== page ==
Whole Language

Discussion in 'Montessori' started by mtiroly, Nov 25, 2009.

  1. mtiroly

    mtiroly Rookie

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    Nov 25, 2009

    Has anyone teaching primary or lower el. ever added to the traditional Montessori language materials (which I believe are mostly phonics based, yes?) with other reading methods, such as Whole Language?
     
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  3. tracykaliski

    tracykaliski Connoisseur

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    Nov 27, 2009

    I would be very careful using whole language. As an Orton Gillingham tutor, (which is very phonics based, by the way) I have seen lots of children who needed remediation at a later time because they were taught how to read using whole language.

    One of the beauties of the Montessori materials is that she's got the green sandpaper letters which lend themselves excellently to teaching phonics.

    Which training program did you attend?
     
  4. czacza

    czacza Multitudinous

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    Nov 27, 2009

    There are students who are going to 'click' with some methods and not others...I wouldn't be so quick to bash whole language, or phonics, or Montessori. Creative and thoughtful educational professionals take the best from a variety of sources to differentiate learning in their classrooms and to facilitate understanding for their students.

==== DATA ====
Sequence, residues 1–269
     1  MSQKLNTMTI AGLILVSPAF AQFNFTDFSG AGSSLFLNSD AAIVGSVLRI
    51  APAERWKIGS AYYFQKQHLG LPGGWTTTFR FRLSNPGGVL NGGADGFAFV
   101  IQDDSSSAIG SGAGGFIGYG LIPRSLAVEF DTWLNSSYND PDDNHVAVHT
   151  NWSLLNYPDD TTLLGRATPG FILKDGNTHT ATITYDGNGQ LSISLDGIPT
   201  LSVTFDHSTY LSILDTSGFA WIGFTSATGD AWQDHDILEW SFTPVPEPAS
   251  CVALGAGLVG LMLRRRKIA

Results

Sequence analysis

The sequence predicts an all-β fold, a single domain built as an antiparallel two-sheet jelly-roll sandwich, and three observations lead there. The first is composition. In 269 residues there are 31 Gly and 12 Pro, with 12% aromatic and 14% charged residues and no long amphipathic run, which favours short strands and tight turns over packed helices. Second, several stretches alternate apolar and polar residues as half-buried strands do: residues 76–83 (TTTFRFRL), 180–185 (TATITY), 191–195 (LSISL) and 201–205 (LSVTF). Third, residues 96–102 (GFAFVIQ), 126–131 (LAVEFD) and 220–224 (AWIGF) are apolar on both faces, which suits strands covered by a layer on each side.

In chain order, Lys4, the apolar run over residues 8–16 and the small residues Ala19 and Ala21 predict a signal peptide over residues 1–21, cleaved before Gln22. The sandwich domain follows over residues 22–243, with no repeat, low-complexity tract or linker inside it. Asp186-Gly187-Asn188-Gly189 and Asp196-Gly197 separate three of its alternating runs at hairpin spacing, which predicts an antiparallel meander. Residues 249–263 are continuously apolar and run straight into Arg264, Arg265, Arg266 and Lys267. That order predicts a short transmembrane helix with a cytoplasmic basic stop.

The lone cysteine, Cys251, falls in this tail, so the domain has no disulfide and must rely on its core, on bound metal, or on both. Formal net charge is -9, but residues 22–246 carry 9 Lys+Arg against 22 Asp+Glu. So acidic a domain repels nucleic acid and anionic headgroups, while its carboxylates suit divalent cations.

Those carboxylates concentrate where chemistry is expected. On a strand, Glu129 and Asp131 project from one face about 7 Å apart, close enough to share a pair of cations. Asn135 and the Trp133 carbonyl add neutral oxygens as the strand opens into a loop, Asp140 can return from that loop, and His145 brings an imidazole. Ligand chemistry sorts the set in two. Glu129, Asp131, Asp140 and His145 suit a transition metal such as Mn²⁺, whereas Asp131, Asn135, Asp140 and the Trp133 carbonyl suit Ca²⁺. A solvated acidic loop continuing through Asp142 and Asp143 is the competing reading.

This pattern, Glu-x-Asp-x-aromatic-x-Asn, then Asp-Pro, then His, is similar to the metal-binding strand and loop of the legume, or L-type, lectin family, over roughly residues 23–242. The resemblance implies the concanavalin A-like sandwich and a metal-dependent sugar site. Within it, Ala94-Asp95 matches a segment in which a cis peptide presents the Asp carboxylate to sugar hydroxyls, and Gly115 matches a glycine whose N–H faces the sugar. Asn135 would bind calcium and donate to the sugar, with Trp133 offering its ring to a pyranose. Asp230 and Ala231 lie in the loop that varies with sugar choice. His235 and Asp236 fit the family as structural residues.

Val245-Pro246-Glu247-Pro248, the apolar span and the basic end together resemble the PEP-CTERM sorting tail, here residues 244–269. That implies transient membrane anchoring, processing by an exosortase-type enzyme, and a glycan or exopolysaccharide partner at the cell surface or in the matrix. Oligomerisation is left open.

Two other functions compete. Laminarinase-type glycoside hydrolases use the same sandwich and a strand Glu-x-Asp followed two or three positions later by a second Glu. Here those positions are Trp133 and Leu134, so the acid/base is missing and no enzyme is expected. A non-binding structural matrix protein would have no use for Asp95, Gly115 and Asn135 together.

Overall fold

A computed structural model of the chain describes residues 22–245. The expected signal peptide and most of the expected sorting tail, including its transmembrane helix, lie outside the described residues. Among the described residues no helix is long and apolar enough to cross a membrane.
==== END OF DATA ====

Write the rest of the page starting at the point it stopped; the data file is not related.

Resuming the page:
5. mtiroly

    mtiroly Rookie

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    Nov 28, 2009

    Thank you for your thoughts!

    I ask this question as I am trying to decide whether Montessori training would be the right fit for me. Much of the Montessori philosophy resonates with me. Yet, I agree that different methods work for different students. For example:

    I will never forget a student we had in our Montessori Children's House classroom several years ago. She was in our room for the entire three year cycle, but by the spring of kindergarten year she was still having problems with graphophonic skills. You could tell she very much wanted to be doing the reading works her peers were doing, she was working so hard. The lead teacher finally decided to have the student start doing some of the reading works, even though there was probably only a 70% chance she could correctly match letter to sound. -Having the letters in context of actual words made all the difference for this student. She started soaring! And you could tell how proud she was of herself.

    It seems this student needed an avenue other than the traditional Montessori course of action.

    It's really valuable to hear people's thoughts. Many thanks!
     
  6. Youngteacher226

    Youngteacher226 Enthusiast

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    Nov 28, 2009

    All of this summed up is the whole purpose for BALANCED LITERACY. There is no "one way fits all" to teaching reading. Take a little bit of all of the methods so that you are sure you are reaching all the readers in your class.
     
  7. word girl

    word girl Rookie

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    Nov 28, 2009

    "Whole Language" got a bad rap in the 90's, but it seems to me that a 'balanced literacy' program uses components of all reading strategies to help all children, no matter their learning preference.
     
  8. holley.padula

    holley.padula Rookie

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    Dec 28, 2009

    I found a mixed approach works best.
     

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